I am curious if anyone knows how a calibration is done to Smith
speedometers. Is the amount of magnetism on the spinning disk changed or
the spring tension of the needle altered?
I was fiddling with a speedometer last night (to a GT6). There was
excessive end play inside the unit and often the needle would jump
*alot* when the wrong pieces came in contact. I got that problem fixed
-- the needle now runs steady -- but the calibration is off quite a bit.
Please, a response like: "To calibrate a speedometer, send unit and
dollars to....." I'm just curious of the process, not wealthy enough to
send it out to end the irriatation.
For those who haven't had the pleasure, when you pull the guts out of an
LBC speedometer, there are three assemblies to deal with:
The first deals with the cable coming into the unit. The cable
terminates at a bushing. Aft of the bushing is a spiral-cut gear that
engages a right angle drive. That back of the drive is a cam that moves
a lever and the lever ratchets the odometer.
The odometer is the second assembly and it is pretty straightforward.
Someone figures out the ratios and it counts how many times the cable
rotates. The little numbers to the right of the model munber on the face
of the speedo is the rating for your instrument: The number of cable
rotations that will equate to one mile for the odometer.
Getting back to the first assembly, after the spiral-cut gear, the cable
end terminates with, effectively, a magnetized plate. The plate rotates
just as fast as the cable.
The third assembly is the speedometer which begins with what appears to
be a small cake pan. The magentized plate spins inside this little pan.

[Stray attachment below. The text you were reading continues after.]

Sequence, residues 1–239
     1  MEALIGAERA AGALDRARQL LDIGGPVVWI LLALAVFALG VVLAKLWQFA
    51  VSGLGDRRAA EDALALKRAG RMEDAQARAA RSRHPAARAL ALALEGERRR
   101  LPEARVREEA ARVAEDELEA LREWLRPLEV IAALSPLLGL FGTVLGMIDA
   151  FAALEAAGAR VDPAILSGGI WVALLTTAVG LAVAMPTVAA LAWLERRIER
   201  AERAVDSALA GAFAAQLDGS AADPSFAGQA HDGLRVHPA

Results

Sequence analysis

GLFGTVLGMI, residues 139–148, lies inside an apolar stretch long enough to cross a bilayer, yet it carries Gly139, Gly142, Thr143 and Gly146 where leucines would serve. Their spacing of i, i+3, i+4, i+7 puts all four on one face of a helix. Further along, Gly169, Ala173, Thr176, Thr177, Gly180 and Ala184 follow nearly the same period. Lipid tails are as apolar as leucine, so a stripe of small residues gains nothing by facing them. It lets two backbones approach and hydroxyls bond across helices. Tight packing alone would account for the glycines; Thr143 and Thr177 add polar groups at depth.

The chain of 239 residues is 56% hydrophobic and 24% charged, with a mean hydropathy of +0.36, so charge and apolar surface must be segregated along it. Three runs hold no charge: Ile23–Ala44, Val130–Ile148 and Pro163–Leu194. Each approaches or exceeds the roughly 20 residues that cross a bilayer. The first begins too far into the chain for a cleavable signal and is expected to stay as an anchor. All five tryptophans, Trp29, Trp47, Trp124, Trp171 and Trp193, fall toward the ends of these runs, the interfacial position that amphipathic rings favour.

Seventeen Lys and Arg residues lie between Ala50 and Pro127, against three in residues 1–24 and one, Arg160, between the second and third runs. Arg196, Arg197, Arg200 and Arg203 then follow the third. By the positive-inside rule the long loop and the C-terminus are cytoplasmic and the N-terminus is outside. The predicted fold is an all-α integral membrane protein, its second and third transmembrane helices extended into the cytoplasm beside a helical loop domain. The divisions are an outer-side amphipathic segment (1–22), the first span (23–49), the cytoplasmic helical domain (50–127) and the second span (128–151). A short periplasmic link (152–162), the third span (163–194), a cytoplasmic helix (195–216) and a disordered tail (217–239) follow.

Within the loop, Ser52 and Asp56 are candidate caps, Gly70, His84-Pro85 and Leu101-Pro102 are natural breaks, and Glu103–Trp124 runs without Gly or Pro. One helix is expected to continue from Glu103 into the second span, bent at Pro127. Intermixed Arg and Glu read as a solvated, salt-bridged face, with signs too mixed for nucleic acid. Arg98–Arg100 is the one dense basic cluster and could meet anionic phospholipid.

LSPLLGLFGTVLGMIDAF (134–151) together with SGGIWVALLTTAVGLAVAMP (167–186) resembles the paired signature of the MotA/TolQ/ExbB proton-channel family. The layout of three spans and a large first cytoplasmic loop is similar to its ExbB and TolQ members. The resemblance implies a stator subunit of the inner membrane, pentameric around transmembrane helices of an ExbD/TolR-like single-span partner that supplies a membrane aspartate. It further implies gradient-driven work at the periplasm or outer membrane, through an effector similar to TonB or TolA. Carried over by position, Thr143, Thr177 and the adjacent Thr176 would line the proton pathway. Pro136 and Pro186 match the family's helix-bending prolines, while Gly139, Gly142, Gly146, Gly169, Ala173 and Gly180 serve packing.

The pan is pinned at its center to a rod that extends out to the face of
the instrument. A needle is attached to indicate speed.
The rod connecting the small pan and the needle is also attached to a
weak, clock spring. So what happens is that the spinning, magnetized
disk will try to rotate the metal pan surrounding it. The spring keeps
the pan from spinning. The force of the spring fighting against the
magnetizism of the spinning plate is what is being measured on the face
of the speedo -- and, supposedly, once calibrated for MPH.
Incidently, the operation of the speedometer and odometer are completely
independent and that is why you can, and probably do, have varying
accuracy between the two.
For those still following this, I cannot find any adjustment for either
the spring or the magnetized disk. I am just curious which is changed to
effect calibration: the tension in the spring or the degree of magnetism
in the spinning disk. The phrase "no user servicable parts inside" comes
I've noticed both the C/GT and the TR6 have wildly optomistic
speedometers. As if, over time, the spring tension has weakened thus
showing too high an indicated speed. The odometer on the C/GT is off,
too, but that is likely due to a rear-end gear change (3.7 to 3.9). The
odometer in the TR6 is within 3%.
Bob Allen, Kansas City, '69CGT, '75TR6